Castle Lager shows its support for the LGBTQ community

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Castle Lager has become the latest consumer brand to publicly affirm its support for Gauteng’s LGBTQ Pride season, but who stands to win?

The iconic SAB beer, in a traditionally conservative and ‘macho’ product category, has been running a campaign called #SmashTheLabel that aims to highlight the labels that divide South Africans.

The cheeky campaign uses a series of stereotypical characters in the ads who assert that they are “more than that.” The campaign has also included the company selling beer bottles stripped of their labels.

One of the stereotypes featured in the ad campaign is “stabane,” a derogatory term for gay people. It’s worth noting that compared to most of the other labels used in the ads (like “jock” and “cougar”), this one carries the very real risk of deadly consequences.

On Monday, the company posted a standalone clip on its Facebook page featuring the “stabane” character in a township, complete with shots of exploding mirrorballs. He says to the camera defiantly, “You call me stabane… I’m more than that.”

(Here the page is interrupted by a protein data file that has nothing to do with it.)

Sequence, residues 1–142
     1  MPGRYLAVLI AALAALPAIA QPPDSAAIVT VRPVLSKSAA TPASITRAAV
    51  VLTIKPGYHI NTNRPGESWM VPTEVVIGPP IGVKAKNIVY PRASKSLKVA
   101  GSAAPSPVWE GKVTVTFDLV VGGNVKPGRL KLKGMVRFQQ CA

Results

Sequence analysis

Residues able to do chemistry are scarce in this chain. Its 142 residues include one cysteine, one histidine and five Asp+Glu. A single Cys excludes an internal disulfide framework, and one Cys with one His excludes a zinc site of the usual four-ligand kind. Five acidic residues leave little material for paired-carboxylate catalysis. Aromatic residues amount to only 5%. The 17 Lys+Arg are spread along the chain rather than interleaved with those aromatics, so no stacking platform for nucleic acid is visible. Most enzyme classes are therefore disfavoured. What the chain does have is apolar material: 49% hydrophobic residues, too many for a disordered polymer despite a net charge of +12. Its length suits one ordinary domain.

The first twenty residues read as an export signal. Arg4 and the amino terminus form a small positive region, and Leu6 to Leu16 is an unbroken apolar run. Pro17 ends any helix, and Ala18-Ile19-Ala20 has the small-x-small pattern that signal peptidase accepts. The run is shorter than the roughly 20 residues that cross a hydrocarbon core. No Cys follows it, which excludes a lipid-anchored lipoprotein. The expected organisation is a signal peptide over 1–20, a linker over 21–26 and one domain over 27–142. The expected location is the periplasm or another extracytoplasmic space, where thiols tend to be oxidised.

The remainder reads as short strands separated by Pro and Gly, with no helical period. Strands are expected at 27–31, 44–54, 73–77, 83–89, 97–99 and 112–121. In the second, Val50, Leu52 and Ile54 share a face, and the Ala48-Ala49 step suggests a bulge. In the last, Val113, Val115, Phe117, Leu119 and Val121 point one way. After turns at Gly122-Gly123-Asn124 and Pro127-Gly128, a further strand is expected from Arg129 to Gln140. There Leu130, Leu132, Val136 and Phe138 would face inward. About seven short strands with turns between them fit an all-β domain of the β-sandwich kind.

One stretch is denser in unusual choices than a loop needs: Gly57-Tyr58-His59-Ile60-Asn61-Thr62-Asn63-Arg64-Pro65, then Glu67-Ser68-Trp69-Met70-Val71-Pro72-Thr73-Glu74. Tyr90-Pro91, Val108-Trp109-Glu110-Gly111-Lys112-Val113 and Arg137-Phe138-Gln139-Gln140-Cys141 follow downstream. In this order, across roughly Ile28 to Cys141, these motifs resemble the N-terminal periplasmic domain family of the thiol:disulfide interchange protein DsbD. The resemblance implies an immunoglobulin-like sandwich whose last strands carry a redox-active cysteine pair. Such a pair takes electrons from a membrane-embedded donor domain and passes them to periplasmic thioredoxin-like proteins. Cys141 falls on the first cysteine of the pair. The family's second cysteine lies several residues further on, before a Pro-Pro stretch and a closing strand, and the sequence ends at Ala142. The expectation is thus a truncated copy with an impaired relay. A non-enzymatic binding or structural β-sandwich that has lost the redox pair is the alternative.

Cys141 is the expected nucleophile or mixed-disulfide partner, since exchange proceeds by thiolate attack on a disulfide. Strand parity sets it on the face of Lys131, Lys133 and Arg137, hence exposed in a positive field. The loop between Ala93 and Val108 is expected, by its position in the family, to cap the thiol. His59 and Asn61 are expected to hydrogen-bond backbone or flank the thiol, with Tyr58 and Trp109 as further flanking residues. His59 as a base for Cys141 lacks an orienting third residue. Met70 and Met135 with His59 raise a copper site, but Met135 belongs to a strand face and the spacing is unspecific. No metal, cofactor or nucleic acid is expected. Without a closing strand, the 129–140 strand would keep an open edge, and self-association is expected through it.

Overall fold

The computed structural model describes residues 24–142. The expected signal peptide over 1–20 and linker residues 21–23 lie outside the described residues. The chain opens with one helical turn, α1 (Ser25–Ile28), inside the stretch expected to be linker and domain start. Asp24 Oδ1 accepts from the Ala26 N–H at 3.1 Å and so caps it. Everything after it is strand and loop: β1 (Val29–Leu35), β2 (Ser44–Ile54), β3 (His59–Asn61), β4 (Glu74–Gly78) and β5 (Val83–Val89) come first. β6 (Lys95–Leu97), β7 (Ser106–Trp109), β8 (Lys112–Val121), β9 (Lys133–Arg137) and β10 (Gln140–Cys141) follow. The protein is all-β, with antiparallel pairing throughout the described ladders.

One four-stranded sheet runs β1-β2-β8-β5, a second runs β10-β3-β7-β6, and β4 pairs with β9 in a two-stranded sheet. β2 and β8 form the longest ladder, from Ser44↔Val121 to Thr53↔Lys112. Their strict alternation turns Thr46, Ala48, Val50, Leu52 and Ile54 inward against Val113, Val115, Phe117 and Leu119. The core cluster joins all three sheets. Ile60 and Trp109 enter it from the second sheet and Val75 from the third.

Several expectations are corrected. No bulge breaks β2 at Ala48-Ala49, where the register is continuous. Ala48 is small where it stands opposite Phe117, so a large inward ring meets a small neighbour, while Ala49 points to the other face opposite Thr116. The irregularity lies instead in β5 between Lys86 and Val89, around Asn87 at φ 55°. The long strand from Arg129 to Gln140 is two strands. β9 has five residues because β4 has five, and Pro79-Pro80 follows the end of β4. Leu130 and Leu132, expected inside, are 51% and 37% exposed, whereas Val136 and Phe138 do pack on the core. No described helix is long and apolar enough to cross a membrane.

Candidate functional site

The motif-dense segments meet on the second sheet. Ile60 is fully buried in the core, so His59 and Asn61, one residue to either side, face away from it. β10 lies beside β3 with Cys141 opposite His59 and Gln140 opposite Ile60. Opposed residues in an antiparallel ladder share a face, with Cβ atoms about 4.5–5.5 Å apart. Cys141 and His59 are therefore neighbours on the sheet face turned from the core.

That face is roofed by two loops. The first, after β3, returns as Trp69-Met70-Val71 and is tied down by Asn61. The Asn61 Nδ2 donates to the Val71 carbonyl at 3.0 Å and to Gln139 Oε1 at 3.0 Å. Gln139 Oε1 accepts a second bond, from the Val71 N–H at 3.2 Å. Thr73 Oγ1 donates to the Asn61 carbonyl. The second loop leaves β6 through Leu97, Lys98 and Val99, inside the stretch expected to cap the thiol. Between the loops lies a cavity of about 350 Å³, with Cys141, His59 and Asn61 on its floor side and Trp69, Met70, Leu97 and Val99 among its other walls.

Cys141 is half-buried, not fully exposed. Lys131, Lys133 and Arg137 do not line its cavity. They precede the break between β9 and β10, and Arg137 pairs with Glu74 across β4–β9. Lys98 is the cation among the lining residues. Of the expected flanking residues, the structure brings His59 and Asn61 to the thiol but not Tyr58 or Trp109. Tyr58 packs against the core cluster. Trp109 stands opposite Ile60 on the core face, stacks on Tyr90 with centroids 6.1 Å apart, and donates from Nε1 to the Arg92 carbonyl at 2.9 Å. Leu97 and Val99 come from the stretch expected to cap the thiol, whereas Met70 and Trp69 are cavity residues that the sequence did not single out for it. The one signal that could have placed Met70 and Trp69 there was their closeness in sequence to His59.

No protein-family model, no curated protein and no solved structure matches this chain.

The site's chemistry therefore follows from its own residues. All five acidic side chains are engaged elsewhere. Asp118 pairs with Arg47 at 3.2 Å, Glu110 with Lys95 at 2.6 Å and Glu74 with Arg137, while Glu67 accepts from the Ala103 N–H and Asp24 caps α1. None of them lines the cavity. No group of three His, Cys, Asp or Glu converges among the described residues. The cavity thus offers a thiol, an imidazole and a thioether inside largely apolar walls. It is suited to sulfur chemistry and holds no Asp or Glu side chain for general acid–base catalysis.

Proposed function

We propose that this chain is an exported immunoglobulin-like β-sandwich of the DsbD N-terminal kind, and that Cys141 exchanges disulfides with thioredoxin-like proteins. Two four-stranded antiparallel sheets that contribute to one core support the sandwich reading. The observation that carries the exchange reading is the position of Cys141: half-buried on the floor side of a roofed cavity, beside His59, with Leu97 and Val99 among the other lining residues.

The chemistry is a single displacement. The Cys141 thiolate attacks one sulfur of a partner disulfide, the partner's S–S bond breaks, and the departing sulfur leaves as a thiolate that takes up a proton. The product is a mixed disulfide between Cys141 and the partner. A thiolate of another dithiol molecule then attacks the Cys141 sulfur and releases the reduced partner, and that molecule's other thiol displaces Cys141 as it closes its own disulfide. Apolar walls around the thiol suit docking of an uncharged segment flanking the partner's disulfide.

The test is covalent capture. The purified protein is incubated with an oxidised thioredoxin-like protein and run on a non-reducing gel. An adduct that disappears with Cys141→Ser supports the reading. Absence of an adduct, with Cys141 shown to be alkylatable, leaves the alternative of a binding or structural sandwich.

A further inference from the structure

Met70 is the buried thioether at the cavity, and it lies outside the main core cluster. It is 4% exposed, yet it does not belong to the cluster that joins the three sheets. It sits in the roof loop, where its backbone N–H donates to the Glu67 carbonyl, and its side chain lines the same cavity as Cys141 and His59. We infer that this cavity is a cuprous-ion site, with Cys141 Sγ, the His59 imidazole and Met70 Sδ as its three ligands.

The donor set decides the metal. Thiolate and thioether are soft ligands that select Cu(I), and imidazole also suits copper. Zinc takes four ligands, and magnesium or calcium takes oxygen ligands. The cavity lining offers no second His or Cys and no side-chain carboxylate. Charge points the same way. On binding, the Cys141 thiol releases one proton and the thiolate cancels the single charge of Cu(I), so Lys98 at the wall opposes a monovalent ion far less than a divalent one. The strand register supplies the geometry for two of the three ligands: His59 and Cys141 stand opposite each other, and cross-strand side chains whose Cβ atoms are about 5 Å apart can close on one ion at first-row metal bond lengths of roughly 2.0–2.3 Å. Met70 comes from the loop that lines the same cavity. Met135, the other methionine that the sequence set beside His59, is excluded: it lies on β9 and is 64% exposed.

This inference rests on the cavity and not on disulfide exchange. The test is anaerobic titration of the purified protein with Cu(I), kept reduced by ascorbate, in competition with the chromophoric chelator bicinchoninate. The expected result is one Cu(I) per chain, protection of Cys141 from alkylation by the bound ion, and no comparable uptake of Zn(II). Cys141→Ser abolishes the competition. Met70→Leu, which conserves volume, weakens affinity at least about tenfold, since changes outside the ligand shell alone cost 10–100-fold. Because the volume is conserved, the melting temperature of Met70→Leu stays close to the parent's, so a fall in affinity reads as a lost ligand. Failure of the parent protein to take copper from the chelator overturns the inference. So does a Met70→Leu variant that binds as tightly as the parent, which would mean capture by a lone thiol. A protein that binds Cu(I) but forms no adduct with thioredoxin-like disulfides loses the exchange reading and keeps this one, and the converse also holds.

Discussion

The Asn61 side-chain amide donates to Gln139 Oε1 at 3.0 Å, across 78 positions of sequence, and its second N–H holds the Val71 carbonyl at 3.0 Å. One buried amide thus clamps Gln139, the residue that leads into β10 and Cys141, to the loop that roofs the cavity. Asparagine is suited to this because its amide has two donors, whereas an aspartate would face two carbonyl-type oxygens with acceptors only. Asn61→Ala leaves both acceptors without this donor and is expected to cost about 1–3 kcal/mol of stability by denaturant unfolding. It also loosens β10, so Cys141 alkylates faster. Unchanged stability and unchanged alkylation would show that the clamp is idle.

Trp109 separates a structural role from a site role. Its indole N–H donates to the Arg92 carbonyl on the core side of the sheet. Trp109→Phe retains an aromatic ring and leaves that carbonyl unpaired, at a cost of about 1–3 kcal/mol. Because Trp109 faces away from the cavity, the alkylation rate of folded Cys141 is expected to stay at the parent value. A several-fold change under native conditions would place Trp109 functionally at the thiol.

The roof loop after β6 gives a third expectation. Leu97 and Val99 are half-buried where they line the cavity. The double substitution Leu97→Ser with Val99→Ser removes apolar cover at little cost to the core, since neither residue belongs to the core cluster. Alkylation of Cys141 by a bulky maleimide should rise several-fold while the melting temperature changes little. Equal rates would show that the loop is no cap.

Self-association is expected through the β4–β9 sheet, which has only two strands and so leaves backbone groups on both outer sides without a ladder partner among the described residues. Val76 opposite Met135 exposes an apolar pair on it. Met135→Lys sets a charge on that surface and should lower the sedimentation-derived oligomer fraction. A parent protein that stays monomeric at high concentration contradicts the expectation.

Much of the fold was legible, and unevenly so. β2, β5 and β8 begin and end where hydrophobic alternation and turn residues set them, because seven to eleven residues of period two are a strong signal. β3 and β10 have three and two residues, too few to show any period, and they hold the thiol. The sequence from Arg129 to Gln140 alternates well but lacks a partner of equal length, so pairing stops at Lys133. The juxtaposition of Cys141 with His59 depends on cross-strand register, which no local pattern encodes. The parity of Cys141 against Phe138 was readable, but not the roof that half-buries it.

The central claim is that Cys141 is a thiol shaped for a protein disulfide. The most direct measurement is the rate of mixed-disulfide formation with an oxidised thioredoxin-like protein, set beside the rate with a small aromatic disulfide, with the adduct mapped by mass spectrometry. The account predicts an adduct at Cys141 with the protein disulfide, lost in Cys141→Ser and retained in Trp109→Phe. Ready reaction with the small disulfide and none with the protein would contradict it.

The post was accompanied by a comment from the company: “Cheers to a more united and inclusive Mzansi! #SmashTheLabel this Pride week. How will you be showing your support this Pride week?”

It’s part of a still very small but growing trend among local companies to celebrate the LGBTQ community as part of South Africa’s diverse makeup.¬†Over the last two years, for example, Starbucks South Africa has run in-store campaigns in some of its branches in support of Pretoria Pride and Johannesburg Pride.

While these moves are welcomed by many in the LGBTQ community as helping to give much-needed visibility to sexually and gender diverse South Africans, questions have also been asked.

How substantial are these initiatives and to what extent do these companies really engage with the LGBTQ community? Do they spend money in the LGBTQ media, put funding into Pride events, and ensure inclusive and welcoming workplaces?

Are we being used to give these brands a veneer of being edgy, trendy and progressive, or do we all benefit equally?

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  1. Bruce Walker
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